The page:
# Ruth's Recurrence

```//
// Written by Grant Jenks
// http://www.grantjenks.com/
//
// DISCLAIMER
// THERE IS NO WARRANTY FOR THE PROGRAM, TO THE EXTENT PERMITTED BY APPLICABLE
// LAW. EXCEPT WHEN OTHERWISE STATED IN WRITING THE COPYRIGHT HOLDERS AND/OR
// OTHER PARTIES PROVIDE THE PROGRAM "AS IS" WITHOUT WARRANTY OF ANY KIND,
// EITHER EXPRESSED OR IMPLIED, INCLUDING, BUT NOT LIMITED TO, THE IMPLIED
// WARRANTIES OF MERCHANTABILITY AND FITNESS FOR A PARTICULAR PURPOSE. THE
// ENTIRE RISK AS TO THE QUALITY AND PERFORMANCE OF THE PROGRAM IS WITH YOU.
// SHOULD THE PROGRAM PROVE DEFECTIVE, YOU ASSUME THE COST OF ALL NECESSARY
// SERVICING, REPAIR OR CORRECTION.
//
// To view a copy of this license, visit
// or send a letter to Creative Commons, 171 Second Street, Suite 300,
// San Francisco, California, 94105, US.A
//
// Description
// My in-laws visited on a recent weekend. During their stay with us, Shannon's
// Mom said she had created a kind of math-puzzle to keep herself busy. Curious,
// she described the following algorithm:
//    2. If the number is divisible by 3, divide by 3.
//    3. Else, add a "1" or "2" to the end of it to make it divisible by 3.
//    4. If the current number is now 1, end. Else, go back to (2).
// She also shared that she had started with the number 141 and after a dozen
// or so iterations suspected that it would not reach 1.
// (Arithmetic-savvy readers will notice that step 3 works on a clever trick:
// if you sum the digits in an integer and the sum is divisible by 3 then the
// integer is divisible by 3.)
//
// I was intrigued by her puzzle and reminded of the Collatz Problem so I wrote
// this program to do the algorithm and report on results. Most interesting to
// me was which numbers converged. In order to keep things reasonable, I limited
// the iterations to 1,000.
//
// Notes
//  * Depends on .NET 4.0.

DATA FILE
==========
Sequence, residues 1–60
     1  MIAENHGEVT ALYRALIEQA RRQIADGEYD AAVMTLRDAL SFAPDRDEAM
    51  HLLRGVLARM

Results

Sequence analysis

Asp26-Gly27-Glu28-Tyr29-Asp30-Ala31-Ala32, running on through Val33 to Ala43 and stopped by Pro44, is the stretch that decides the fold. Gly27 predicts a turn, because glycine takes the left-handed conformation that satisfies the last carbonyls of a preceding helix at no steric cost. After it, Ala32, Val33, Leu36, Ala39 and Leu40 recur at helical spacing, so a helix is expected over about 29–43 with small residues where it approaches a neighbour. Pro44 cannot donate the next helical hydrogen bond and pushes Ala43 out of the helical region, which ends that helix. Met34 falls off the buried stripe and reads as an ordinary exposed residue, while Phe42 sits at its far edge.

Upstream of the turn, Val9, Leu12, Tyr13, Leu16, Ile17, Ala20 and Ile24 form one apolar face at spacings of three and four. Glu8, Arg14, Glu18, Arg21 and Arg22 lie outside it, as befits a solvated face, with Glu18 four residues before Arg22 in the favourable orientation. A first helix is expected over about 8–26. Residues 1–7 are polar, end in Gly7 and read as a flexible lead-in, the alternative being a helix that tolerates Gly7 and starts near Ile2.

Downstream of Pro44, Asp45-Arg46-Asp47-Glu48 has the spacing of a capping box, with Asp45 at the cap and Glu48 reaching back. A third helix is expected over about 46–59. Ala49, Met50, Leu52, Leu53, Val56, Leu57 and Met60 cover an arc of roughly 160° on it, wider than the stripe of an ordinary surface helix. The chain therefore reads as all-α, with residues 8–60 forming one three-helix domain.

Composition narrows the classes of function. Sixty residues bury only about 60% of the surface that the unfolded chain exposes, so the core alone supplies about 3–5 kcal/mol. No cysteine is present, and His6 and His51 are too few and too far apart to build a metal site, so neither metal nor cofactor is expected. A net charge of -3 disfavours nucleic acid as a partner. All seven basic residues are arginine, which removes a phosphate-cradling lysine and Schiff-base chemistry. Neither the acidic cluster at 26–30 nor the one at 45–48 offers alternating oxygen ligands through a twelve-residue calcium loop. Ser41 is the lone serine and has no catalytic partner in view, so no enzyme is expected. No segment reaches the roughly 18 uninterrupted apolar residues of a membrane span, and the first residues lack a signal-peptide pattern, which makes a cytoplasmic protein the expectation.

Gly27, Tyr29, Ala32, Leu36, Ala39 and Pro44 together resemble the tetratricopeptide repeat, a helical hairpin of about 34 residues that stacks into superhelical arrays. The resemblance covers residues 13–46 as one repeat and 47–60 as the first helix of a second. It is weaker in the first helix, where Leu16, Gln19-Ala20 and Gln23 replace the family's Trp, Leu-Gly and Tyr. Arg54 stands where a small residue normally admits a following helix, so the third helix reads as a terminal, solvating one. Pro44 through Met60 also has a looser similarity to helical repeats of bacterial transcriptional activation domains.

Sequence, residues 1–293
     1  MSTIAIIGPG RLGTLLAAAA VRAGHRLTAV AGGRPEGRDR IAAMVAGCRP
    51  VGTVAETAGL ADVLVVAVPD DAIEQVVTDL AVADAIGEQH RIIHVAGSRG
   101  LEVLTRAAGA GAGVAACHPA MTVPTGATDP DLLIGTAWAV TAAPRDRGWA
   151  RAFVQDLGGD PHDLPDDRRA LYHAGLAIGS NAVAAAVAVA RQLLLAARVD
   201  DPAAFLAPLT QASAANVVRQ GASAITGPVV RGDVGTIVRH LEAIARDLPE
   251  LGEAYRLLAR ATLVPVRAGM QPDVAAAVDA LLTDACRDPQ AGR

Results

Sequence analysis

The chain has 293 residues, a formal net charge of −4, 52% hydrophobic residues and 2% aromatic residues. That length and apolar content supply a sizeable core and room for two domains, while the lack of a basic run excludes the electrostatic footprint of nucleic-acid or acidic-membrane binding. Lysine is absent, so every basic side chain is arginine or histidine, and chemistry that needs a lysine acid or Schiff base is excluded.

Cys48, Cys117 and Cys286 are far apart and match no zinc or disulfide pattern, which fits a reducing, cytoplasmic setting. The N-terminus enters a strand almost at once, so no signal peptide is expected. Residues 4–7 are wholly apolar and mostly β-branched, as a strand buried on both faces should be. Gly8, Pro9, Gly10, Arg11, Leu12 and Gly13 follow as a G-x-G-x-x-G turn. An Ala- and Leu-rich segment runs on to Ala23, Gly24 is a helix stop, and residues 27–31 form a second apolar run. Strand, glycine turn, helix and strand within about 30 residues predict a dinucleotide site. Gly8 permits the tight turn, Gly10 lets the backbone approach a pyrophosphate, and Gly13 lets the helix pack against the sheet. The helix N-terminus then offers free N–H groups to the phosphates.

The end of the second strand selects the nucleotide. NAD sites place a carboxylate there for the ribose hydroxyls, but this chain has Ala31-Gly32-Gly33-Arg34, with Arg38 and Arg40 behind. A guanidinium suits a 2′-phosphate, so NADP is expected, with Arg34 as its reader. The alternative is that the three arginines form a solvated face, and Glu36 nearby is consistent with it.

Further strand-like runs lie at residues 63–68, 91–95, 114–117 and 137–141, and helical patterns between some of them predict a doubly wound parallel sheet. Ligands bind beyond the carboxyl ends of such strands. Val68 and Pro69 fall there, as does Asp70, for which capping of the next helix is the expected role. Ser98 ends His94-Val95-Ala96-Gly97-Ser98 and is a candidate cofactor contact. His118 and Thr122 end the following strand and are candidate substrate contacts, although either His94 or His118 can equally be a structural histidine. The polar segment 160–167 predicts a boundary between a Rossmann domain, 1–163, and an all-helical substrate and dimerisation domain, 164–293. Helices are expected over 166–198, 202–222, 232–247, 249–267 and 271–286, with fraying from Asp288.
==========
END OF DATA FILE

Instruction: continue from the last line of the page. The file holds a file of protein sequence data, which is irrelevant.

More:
//  * Compile with /R:System.Numerics.dll
//  * To enable tracing, compile with /d:TRACE
//

using System;
using System.Numerics;
using System.Diagnostics;

class RuthsRecurrence
{

const int IterationLimit = 1000;
const int ValueCountLimit = 2000;
static readonly BigInteger Ten = 10;
static readonly BigInteger Three = 3;

//
// Sum the digits in the BigInteger.
//
// Note that this function accumulates the sum in an int. This limits the
// BigInteger to something on the order of 100,000,000 digits.
//

static int SumDigits(BigInteger value)
{
int sum = 0;

while (value > BigInteger.Zero)
{
BigInteger remainder;
value = BigInteger.DivRem(value, Ten, out remainder);
sum += (int)remainder;
}

return sum;
}

//
// Do the recurrence for the given BigInteger.
//
// Note that this function returns 'true' if the recurrence converged to 1
// and, in that case, the out parameter is a count of how many iterations were
// required to converge.
//

static bool Recur(BigInteger start, out int iterations)
{
iterations = 0;
BigInteger current = start;

Trace.WriteLine(String.Format("Start: {0}", start));

while (current != BigInteger.One && iterations < IterationLimit)
{
Trace.WriteLine(String.Format("Iteration: {0}, Current: {1}", iterations,
current));

BigInteger remainder;
BigInteger quotient = BigInteger.DivRem(current, Three, out remainder);

if (remainder == BigInteger.Zero)
{
current = quotient;
}
else
{
int sum = SumDigits(current);
int rem = sum % 3;
int inc = 3 - rem;

current = current * 10 + inc;
}

iterations++;
}

return (current == BigInteger.One);
}

//
// Iteratively test values for convergence and print result.
//
// Program entry point. Arguments are ignored.
//

static int Main(string[] args)
{
Trace.AutoFlush = true;

BigInteger value = BigInteger.One;

for (int i = 0; i < ValueCountLimit; i++)
{
int iterations;

if (Recur(value, out iterations))
{
Console.WriteLine("Value {0} converged in {1} iterations", value,
iterations);
}
else
{
Console.WriteLine("Value {0} failed to converge within {1} iterations",
value, IterationLimit);
}

value += 1;
}

return 0;
}
}
```

Here's a plot of values (excluding those which took more than 1,000 iterations to converge) and the number of iterations they required. The value which Ruth started with, 141, would've kept her busy for a long time (it did not converge within 1,000 iterations)!